Saturday, October 1, 2011

Joan Brown at the San Jose Museum of Art


The San Jose Museum of Art will explore the work of the pivotal Bay Area artist Joan Brown (1938-1990) in the exhibition This Kind of Bird Flies Backward: Paintings by Joan Brown, on view October 14, 2011-March 11, 2012. The exhibition, the first major survey of Brown's art in a decade, is the first to examine and stake a claim for her work in the context of the women's movement. 

 Girls in the surf, moon casting a shadow, 1962

The exhibition includes approximately 40 paintings (plus a select group of drawings and mixed-media works) on loan from public and private collections as well as from the artist's estate, including some never before seen by the public. The exhibition spans Brown's career from 1959 to 1984. Brown emerged as a successful artist just before the advent of 1960s feminism. Her pioneering use of domestic subjects, decorative motifs, and autobiographical imagery prefigures the new artistic territory championed by the women's art movement in the 1970s.

Self portrait with scarf, enamel on canvas, 1972
Brown experimented freely with a range of styles, and her art has been discussed in relationship to abstract expressionism, Bay Area figuration, and new image painting. Yet she consistently took everyday moments from her personal life as her artistic subject: her son, Noel, in front of the Christmas tree; her birthday celebrations; her routine swims in the San Francisco Bay; evenings at the opera with her husband. 

 Dancers in a city, #2, enamel and fabric on canvas, 1972
Born in San Francisco, Brown began her studies at the California School of Fine Arts (now the San Francisco Art Institute). She was influenced by her fellow artists Elmer Bischoff, Richard Diebenkorn, Frank Lobdell, and Nathan Olivera. Her success came early: she had her first New York show at Staempfli Gallery at the age of 22. That same year (1960), she was the youngest artist included in the pivotal exhibition Young America 1960 (Thirty American Painters Under Thirty-Six) at the Whitney Museum of American Art, New York. Brown's early work was characterized by thick paint and expressive texture, and was clearly influenced by abstract expressionism. By the 1970s, Brown's canvases were thinly painted, yet full of bold color and vibrant pattern. 

 The Journey #1, 1976
She moved away from her interest in traditional still-life elements toward an unrelenting examination of her own image and life. In 1976, following a divorce, Brown traveled to Europe: this trip inspired her "Journey" series, a deep personal reflection on relationships. (Brown's Journey #1, 1976, is in the collection of the San Jose Museum of Art and included in the exhibition). Brown's interest in spirituality and the new age movement grew throughout the 1980s. She died in 1990 in an accident while helping to install an obelisk for Sathya Sai Baba's Eternal Heritage Museum in Puttaparthi, India.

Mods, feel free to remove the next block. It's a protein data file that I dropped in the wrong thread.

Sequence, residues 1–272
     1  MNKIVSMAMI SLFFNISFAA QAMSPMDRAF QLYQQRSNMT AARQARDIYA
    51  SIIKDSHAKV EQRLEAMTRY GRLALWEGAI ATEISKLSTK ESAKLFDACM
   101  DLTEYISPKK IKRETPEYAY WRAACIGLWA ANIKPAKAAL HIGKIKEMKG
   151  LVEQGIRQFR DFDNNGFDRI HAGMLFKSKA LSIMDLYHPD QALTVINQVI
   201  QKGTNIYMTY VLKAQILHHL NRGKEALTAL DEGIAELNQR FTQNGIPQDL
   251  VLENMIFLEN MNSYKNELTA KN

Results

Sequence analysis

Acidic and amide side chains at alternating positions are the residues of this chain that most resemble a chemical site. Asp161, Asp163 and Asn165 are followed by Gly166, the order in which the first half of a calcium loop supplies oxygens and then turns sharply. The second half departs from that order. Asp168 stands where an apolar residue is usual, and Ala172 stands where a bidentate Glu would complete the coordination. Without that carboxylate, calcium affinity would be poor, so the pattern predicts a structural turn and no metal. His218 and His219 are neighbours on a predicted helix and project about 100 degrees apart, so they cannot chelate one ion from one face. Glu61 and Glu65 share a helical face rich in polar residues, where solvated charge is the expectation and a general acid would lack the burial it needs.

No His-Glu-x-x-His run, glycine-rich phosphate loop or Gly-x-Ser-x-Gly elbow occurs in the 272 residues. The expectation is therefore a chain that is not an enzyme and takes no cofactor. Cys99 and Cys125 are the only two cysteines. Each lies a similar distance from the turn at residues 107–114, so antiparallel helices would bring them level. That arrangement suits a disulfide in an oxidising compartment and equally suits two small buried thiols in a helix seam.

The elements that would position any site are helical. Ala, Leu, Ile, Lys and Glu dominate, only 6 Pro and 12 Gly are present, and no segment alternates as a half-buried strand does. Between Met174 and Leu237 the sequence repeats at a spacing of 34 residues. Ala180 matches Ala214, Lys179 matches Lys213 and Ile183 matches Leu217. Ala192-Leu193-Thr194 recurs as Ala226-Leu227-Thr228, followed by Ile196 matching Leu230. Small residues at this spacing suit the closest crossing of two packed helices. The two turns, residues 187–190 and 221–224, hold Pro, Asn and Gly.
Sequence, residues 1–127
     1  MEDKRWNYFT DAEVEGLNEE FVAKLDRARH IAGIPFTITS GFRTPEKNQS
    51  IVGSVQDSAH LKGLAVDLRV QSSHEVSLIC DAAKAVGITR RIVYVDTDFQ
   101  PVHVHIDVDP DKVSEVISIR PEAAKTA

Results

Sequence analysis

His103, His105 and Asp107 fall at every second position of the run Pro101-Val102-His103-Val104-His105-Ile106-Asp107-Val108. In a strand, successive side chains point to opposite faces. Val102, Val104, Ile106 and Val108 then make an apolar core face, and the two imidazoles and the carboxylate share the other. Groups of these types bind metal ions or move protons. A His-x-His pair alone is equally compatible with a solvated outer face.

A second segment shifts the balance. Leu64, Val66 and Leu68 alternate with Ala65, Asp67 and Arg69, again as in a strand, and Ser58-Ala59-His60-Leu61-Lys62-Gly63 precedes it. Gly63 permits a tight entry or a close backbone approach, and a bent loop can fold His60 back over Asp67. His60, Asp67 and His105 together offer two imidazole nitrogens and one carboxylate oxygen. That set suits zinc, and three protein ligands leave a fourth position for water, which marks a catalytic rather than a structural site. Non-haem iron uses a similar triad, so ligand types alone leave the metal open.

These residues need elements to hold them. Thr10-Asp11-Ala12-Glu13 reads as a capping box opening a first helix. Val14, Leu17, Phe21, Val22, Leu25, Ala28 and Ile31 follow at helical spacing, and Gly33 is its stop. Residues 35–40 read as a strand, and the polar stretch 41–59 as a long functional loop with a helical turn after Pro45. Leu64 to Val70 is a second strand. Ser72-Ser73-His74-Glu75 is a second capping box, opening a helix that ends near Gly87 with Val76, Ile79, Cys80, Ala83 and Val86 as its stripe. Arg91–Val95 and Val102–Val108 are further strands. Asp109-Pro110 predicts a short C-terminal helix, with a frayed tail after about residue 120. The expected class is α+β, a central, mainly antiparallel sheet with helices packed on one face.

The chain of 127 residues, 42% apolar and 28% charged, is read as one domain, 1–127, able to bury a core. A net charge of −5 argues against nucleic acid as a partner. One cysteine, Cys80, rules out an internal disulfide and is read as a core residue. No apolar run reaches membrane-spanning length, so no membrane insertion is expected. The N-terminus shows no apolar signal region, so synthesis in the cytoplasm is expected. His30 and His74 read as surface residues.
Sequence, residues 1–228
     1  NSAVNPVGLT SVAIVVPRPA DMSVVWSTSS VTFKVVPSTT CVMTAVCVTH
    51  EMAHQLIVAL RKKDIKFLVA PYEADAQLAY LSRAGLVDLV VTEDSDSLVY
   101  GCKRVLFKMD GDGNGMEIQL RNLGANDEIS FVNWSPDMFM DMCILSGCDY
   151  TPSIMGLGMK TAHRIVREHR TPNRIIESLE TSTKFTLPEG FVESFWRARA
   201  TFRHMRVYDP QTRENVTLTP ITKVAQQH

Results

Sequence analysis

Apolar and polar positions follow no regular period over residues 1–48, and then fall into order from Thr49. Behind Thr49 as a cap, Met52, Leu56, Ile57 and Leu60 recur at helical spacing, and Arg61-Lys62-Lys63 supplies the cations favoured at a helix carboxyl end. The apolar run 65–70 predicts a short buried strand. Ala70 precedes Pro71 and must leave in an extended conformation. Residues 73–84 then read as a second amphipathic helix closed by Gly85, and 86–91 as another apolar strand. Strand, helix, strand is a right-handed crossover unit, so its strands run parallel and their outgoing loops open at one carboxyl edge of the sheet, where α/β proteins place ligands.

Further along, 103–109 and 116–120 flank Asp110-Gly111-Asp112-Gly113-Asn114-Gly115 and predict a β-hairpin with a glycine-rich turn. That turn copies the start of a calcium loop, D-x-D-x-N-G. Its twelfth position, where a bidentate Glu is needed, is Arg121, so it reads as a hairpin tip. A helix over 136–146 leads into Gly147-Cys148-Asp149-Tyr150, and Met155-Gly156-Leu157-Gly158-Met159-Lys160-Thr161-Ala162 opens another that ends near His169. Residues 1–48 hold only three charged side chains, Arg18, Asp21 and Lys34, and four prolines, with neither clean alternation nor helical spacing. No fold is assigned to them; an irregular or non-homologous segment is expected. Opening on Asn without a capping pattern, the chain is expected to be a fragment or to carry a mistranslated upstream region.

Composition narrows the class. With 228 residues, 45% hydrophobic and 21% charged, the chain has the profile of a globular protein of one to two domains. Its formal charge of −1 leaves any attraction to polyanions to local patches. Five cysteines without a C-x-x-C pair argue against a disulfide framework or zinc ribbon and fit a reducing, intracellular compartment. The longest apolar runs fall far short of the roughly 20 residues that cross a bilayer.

Opening October 14th through March 11, 2012
images courtesy San Jose Museum of Art
http://www.sjmusart.org/

4 comments:

sfmike said...

I know it may sound cynical, but I love that last sentence about the absurd way Joan Brown died. Really, how can you improve on: "She died in 1990 in an accident while helping to install an obelisk for Sathya Sai Baba's Eternal Heritage Museum in Puttaparthi, India."

namastenancy said...

Yes, she did die in a bizarre accident - the obelisk that she was helping to install fell on her. I was in an art class when I heard the news. Several of us, including our teacher knew her, and it was just strange. You didn't know whether to laugh because only Joan would be in India doing something so unusual or cry because of her loss or wonder if the whole thing could possibly be real.

A Cuban In London said...

Two elements struck me straight away: her use of colours and the shapes. Very unusual, I would say. Thanks for introducing me to another new artist.

Greetings from London.

namastenancy said...

Thanks for an intelligent comment on her art. I really like her earlier work which is very emotional, with thick impasto and expressive brushwork. I find her later work very kitschy and decorative - lots of cats painted in enamel for instance, or stylized mermaids - but she was an important presence in the Bay Area arts scene for many years.